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In Stockton, Calif., 58 murders were reported last year, more than double the 24 reported in 2008. The city is considering filing for bankruptcy and has already laid off police officers. Photographer Matt Black documented some of the sites where these incidents occurred last year. Scott Thurm, Bobby White and Justin Scheck report on WSJ.com.

Information on these murders was provided by The Record.

All photographs by Matt Black for The Wall Street Journal.


Mario Hinojosa Zendejas, 23.
Dec. 14, 2011.
Shot in his driveway in the 1800 block of Country Club Boulevard.


Matthew Bosa, 28.
Nov. 14, 2011.
Shot while driving on Wilson Way near Harding Way.


Joseph Cruz, 31.
June 14, 2011.
Shot on Sutter Street just south of Noble Street.


Luis Palma, 44.
Sept. 4, 2011.
Mr. Palma, a cab driver, was shot at Lincoln and Washington streets.


David Lewis Jr., 34.
June 11, 2011.
Found near California and Fremont streets.


Michael Shelton, 30.
Sept. 17, 2011.
Mr. Shelton was shot Sept. 12 in a parking lot in the 1100 block of North Wilson Way and died five days later.


Brandon Wilson, 2 months.
Aug. 12., 2011.
Died after an incident Aug. 1 in the 7600 block of Kelley Drive.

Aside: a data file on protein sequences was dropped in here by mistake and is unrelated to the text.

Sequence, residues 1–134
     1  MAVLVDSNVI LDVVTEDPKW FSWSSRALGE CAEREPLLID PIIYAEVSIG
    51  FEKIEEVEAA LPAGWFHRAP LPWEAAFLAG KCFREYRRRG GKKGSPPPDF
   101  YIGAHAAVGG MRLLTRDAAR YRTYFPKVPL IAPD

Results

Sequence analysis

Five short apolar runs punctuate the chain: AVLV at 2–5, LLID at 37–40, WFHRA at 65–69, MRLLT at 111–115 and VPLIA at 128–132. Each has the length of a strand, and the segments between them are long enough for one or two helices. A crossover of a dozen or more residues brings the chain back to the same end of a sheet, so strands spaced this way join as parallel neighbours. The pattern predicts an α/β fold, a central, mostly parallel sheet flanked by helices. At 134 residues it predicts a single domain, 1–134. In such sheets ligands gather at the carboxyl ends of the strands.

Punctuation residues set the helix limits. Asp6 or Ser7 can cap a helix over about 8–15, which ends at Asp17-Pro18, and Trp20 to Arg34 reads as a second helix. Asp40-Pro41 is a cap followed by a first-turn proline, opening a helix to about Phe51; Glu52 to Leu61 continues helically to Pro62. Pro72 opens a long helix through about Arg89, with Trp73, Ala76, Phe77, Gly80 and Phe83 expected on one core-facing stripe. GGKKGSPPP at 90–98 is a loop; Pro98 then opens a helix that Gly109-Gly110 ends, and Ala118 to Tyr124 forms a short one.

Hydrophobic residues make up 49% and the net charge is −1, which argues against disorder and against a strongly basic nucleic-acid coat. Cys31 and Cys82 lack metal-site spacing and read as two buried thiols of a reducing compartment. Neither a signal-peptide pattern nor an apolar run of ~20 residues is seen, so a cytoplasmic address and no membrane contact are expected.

Paris Jordan Jr., 28.
June 25, 2011.
At least five people were shot at a bar in the 2300 block of East Main Street.


Micky Xiong, 31.
Oct. 6, 2011.
Mr. Xiong, a Domino’s Pizza delivery driver, was shot in the 300 block of South Sutter Street after a delivery.


Juan Juarez-Martinez, 17.
June 9. 2011.
Shot in the 200 block of East Sixth Street.


John Mozzetti, 24.
Oct. 15. 2011.
Shot while driving in the 700 block of Oak Street.


Pedro Garcia-Rodriguez, 27.
Oct. 21. 2011.
Stabbed in the 100 block of West Worth Street.


Brian Spivey, 21.
July 19, 2011.
Shot outside an apartment complex in the 2400 block of Delaware Avenue.


Damien Braggs, 19.
Oct. 21, 2011.
Shot in the 700 block of East Park Street.


Rachel Moreno, 49, and Juan Segura, 33.
Sept. 12, 2011.
Shot at South Hunter and West Jackson streets.

All photographs by Matt Black for The Wall Street Journal.